University of Michigan, Center for the Study of Complex Systems Emergence In philosophy, systems theory, science, and art, emergence is a process whereby larger entities, patterns, and regularities arise through interactions among smaller or simpler entities that themselves do not exhibit such properties. Emergence is central in theories of integrative levels and of complex systems. For instance, the phenomenon life as studied in biology is commonly perceived as an emergent property of interacting molecules as studied in chemistry, whose phenomena reflect interactions among elementary particles, modeled in particle physics, that at such higher mass—via substantial conglomeration—exhibit motion as modeled in gravitational physics. Neurobiological phenomena are often presumed to suffice as the underlying basis of psychological phenomena, whereby economic phenomena are in turn presumed to principally emerge. In philosophy, emergence typically refers to emergentism. In philosophy[edit] Main article: Emergentism Definitions[edit] Strong and weak emergence[edit]

Self-organization Self-organization occurs in a variety of physical, chemical, biological, robotic, social and cognitive systems. Common examples include crystallization, the emergence of convection patterns in a liquid heated from below, chemical oscillators, swarming in groups of animals, and the way neural networks learn to recognize complex patterns. Overview[edit] The most robust and unambiguous examples[1] of self-organizing systems are from the physics of non-equilibrium processes. Self-organization is also relevant in chemistry, where it has often been taken as being synonymous with self-assembly. The concept of self-organization is central to the description of biological systems, from the subcellular to the ecosystem level. Self-organization usually relies on three basic ingredients:[3] Strong dynamical non-linearity, often though not necessarily involving positive and negative feedbackBalance of exploitation and explorationMultiple interactions Principles of self-organization[edit] Examples[edit]

Encyclopedia of Complexity and Systems Science Assembles for the first time the concepts and tools for analyzing complex systems in a wide range of fields Reflects the real world by integrating complexity with the deterministic equations and concepts that define matter, energy, and the four forces identified in nature Benefits a broad audience: undergraduates, researchers and practitioners in mathematics and many related fields Encyclopedia of Complexity and Systems Science provides an authoritative single source for understanding and applying the concepts of complexity theory together with the tools and measures for analyzing complex systems in all fields of science and engineering. The science and tools of complexity and systems science include theories of self-organization, complex systems, synergetics, dynamical systems, turbulence, catastrophes, instabilities, nonlinearity, stochastic processes, chaos, neural networks, cellular automata, adaptive systems, and genetic algorithms. Content Level » Research Show all authors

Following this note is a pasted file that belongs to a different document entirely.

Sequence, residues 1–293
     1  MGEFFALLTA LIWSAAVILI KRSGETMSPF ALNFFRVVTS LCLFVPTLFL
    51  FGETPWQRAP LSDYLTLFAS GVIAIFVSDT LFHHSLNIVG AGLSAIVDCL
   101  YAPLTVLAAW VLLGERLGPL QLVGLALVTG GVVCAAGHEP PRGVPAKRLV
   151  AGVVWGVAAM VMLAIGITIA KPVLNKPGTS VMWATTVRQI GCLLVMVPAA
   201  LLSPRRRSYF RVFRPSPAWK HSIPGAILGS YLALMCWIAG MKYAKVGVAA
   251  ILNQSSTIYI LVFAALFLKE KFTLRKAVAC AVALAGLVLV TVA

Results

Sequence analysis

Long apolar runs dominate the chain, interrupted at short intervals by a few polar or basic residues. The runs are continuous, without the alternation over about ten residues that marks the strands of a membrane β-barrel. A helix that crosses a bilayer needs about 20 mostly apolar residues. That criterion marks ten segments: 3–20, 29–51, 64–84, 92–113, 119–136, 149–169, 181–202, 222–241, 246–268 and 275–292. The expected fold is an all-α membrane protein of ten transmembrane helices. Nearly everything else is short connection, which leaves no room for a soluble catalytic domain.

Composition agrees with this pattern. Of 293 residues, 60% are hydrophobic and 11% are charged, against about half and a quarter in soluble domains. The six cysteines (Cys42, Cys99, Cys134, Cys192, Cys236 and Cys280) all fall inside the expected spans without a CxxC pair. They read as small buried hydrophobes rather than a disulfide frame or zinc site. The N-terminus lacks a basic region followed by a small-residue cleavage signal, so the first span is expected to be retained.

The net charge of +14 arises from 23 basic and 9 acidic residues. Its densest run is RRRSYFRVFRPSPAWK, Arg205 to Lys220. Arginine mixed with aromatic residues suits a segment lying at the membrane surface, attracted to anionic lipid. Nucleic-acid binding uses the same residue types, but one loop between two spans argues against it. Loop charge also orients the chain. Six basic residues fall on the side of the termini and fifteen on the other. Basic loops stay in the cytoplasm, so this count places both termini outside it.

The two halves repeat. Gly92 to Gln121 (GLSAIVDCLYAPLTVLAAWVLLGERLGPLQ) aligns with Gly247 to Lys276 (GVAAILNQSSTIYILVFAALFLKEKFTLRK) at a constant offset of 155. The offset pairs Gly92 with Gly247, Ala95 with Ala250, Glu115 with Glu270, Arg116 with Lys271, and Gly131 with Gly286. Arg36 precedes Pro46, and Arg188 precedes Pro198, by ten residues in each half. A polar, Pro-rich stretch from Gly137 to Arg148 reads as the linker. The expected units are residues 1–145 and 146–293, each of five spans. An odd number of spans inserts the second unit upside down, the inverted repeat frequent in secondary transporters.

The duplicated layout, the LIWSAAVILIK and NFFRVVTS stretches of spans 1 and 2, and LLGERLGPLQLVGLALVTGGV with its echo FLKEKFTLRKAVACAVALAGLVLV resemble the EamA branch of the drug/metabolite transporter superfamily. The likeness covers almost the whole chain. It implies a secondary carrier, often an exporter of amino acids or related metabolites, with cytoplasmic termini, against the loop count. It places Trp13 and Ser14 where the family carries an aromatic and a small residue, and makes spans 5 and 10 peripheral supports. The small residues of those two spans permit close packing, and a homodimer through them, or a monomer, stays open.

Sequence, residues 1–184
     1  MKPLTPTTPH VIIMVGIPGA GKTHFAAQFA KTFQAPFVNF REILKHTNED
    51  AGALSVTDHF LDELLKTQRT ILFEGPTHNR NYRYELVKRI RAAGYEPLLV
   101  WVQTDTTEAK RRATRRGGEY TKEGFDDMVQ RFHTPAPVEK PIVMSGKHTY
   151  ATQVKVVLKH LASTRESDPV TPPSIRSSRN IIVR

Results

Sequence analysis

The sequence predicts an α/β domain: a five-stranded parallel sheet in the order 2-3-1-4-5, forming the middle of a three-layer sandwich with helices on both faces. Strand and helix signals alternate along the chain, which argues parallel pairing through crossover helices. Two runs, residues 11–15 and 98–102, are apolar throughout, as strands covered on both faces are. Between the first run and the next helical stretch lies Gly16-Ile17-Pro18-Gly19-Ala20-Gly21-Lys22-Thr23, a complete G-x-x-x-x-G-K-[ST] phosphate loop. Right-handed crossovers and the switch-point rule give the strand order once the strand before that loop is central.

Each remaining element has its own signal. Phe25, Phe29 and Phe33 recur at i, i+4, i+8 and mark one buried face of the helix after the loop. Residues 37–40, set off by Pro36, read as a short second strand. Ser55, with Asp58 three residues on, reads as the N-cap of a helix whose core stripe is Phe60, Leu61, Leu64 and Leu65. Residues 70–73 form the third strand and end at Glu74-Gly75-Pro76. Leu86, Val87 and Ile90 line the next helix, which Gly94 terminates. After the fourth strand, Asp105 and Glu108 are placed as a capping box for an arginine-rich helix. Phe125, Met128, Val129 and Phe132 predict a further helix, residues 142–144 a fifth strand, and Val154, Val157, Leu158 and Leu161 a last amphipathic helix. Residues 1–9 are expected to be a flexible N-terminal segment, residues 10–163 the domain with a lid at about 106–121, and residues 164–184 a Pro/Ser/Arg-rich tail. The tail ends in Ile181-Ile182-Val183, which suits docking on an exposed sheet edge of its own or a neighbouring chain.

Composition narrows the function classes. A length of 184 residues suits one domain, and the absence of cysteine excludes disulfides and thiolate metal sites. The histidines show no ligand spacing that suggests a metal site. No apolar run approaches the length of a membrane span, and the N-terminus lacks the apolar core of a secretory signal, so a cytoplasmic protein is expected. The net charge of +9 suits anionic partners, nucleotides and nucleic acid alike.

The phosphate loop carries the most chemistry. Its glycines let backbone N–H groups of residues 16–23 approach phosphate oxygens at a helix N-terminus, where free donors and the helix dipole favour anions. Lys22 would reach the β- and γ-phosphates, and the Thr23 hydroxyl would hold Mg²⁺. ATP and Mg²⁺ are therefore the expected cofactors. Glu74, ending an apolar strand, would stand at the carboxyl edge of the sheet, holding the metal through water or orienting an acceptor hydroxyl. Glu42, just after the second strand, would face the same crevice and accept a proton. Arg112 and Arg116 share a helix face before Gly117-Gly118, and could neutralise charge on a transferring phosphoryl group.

Cellular automaton The concept was originally discovered in the 1940s by Stanislaw Ulam and John von Neumann while they were contemporaries at Los Alamos National Laboratory. While studied by some throughout the 1950s and 1960s, it was not until the 1970s and Conway's Game of Life, a two-dimensional cellular automaton, that interest in the subject expanded beyond academia. In the 1980s, Stephen Wolfram engaged in a systematic study of one-dimensional cellular automata, or what he calls elementary cellular automata; his research assistant Matthew Cook showed that one of these rules is Turing-complete. Wolfram published A New Kind of Science in 2002, claiming that cellular automata have applications in many fields of science. These include computer processors and cryptography. The primary classifications of cellular automata as outlined by Wolfram are numbered one to four. Overview[edit] A torus, a toroidal shape Cellular automata are often simulated on a finite grid rather than an infinite one. History[edit]